True Scoliosis

Scoliosis is an abnormal curvature of the spine that causes it to bend laterally in one or more sections. Other abnormal curvatures of the spine include lordosis and kyphosis, though scoliosis is the most common. Scoliosis may be diagnosed when two spinal abnormalities are found: rotation and lateral curvature.

Rotation. Lateral rotation of the spine is the best indicator of a true scoliosis deformity. The rotational characteristic of scoliosis causes a twisting malformation of the vertebral body. Any lateral twisting (rotation) of the vertebrae greater than 10 degrees would be medically abnormal.



Lateral curvature. A normal alignment of the spine would include a spine that appeared straight if you were to look at an X-Ray image of a person trying to stand straight. An abnormal lateral curvature would show the spine bowing or bending in a standing X-Ray, or may be visible upon a visual examination if the curvature is severe enough. In a visual examination, a doctor or specialist would stand standing a shirtless patient. The back specialist would ask the patient to first stand straight, with their hands at their sides, and then to bend and touch their toes. If scoliosis is present, the specialist may notice an S-shaped curve. A positive finding of scoliosis may not necessarily be considered abnormal as long as the curvature is not too severe.

True Scoliosis vs. Functional Scoliosis - Most cased of abnormal curvature of the back can be classified as one of two types of scoliosis: a true scoliosis or a functional scoliosis. A true scoliosis is usually inherited and develops early, beginning in fetal development or from early childhood. The problem may first develops when a segment of one or more of the vertebral bones doesn't develop properly. If the vertebrae is misshaped or underdeveloped, the vertebral bodies and facet joints that connect the spine will not be able to line up properly, and the "S-shape" curve may form. The prognosis for this condition becomes more positive when the angle of the curve isn't severe, and the condition is detected early. A functional scoliosis of the spine is not caused by a developmental problem of the bones or connective tissues of the spine, but may be the result or an accident, injury, or trauma. The secondary curvature may occur directly as a result of an accident that causes a direct trauma to the spine. Or the secondary curvature may be caused indirectly, such as after a muscle tear in the middle back causes muscle imbalances in the back, causing the spine to be pulled in one direction. In some cases, an ankle or knee injury causes a change in the height of the hips, and the pelvis and spine to become rotated.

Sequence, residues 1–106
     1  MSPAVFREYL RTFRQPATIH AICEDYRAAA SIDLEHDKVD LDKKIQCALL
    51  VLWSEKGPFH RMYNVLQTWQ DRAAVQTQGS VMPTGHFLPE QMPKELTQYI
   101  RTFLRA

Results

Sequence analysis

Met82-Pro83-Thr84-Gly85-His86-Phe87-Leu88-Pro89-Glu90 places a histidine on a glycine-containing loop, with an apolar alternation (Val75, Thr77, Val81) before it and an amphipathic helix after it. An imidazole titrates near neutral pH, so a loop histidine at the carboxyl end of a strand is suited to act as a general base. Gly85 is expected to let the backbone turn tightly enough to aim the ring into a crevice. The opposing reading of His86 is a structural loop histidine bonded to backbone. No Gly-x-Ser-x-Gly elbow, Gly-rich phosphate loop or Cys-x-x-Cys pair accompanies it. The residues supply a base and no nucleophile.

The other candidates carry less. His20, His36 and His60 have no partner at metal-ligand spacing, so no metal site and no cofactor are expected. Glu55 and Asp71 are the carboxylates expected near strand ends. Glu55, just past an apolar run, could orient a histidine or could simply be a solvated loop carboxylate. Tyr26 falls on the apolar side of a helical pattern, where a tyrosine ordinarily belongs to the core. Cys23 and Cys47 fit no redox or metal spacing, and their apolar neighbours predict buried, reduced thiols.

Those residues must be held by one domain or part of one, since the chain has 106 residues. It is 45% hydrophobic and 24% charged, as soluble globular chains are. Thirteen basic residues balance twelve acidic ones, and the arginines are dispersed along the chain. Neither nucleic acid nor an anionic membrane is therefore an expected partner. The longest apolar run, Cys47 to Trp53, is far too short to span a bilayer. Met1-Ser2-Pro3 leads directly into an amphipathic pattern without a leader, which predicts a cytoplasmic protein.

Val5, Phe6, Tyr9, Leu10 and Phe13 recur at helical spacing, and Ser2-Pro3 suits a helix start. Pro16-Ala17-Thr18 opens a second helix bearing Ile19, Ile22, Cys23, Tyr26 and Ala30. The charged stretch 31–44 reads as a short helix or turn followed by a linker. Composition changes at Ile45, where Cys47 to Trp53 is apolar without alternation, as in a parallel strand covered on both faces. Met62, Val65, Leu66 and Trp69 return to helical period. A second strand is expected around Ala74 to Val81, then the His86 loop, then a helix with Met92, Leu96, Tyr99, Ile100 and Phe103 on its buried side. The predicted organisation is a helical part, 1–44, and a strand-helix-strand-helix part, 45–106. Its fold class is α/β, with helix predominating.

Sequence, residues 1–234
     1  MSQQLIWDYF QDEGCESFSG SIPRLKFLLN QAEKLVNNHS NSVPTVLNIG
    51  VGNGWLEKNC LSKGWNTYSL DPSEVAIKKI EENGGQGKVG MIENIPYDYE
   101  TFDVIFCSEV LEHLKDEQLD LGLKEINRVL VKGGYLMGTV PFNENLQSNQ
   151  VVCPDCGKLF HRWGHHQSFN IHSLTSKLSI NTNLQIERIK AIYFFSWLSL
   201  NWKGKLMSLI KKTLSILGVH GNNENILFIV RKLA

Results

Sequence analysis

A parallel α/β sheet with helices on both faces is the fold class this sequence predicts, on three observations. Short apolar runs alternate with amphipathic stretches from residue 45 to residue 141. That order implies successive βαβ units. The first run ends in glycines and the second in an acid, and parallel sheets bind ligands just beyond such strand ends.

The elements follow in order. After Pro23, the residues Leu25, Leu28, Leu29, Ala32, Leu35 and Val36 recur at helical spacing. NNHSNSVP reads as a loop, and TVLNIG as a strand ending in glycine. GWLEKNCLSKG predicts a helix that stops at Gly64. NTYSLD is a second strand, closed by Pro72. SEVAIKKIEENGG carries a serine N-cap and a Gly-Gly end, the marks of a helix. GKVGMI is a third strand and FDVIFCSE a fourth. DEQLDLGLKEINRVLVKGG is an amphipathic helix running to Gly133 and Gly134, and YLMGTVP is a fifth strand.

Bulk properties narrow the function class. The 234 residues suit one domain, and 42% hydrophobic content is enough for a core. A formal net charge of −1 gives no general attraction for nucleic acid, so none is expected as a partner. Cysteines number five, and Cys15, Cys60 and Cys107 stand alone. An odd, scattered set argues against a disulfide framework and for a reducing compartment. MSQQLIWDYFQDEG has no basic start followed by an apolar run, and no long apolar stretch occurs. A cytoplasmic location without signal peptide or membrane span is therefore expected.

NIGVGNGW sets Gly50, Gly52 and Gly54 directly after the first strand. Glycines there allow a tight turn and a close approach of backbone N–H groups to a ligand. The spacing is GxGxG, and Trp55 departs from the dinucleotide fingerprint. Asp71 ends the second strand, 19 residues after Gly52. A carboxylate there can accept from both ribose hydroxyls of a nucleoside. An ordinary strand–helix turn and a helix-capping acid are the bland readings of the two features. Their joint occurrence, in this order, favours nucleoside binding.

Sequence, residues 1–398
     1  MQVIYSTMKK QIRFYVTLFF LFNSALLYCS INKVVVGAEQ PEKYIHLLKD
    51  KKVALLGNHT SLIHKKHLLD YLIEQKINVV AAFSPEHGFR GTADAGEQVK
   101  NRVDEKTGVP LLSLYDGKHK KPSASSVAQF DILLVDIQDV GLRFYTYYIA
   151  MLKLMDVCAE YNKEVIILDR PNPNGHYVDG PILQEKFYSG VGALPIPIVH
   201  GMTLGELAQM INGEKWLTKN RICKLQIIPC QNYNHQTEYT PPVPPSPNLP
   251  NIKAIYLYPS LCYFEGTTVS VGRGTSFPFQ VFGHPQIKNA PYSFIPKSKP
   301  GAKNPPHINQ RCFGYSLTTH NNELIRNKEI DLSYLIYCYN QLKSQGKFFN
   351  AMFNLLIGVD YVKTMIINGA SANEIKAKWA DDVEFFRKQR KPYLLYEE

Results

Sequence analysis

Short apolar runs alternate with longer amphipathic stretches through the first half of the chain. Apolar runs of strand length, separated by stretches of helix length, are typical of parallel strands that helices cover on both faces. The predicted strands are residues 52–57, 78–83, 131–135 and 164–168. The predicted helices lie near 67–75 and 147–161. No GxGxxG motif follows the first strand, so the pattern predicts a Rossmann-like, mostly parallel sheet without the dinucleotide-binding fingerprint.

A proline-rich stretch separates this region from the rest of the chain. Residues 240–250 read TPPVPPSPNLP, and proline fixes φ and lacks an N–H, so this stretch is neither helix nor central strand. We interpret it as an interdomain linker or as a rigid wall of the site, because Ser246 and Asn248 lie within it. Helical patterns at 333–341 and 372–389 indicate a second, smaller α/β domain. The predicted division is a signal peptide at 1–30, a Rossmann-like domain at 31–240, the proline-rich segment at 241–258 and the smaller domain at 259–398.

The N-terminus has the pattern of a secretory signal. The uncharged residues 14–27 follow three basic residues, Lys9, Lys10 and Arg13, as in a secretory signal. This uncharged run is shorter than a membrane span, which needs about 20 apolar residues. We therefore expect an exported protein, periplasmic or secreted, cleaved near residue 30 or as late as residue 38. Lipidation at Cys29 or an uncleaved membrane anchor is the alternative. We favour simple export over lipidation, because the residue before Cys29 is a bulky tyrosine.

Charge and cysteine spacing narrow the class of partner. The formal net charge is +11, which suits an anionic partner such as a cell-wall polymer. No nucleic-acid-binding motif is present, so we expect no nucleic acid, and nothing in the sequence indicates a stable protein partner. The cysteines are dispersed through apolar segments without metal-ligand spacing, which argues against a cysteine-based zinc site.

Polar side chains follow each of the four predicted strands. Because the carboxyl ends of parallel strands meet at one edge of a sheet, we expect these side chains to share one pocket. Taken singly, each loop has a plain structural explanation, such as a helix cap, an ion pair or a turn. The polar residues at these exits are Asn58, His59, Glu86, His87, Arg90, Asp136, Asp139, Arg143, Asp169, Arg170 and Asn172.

The three basis treatments for scoliosis include observation, bracing, and surgery. when I is was a student in the public school system in the 80s and 90s, we would get examined for scoliosis once or twice a year by the school nurses and physical education teachers. Also, children and adolescents will usually get tested by their pediatricians/doctors during their yearly checkups, growing up. A certain degree of lateral curvature is not considered abnormal, as long as the person is not in any pain or comfort. Any curvature greater than 20-30 degrees would be considered abnormal.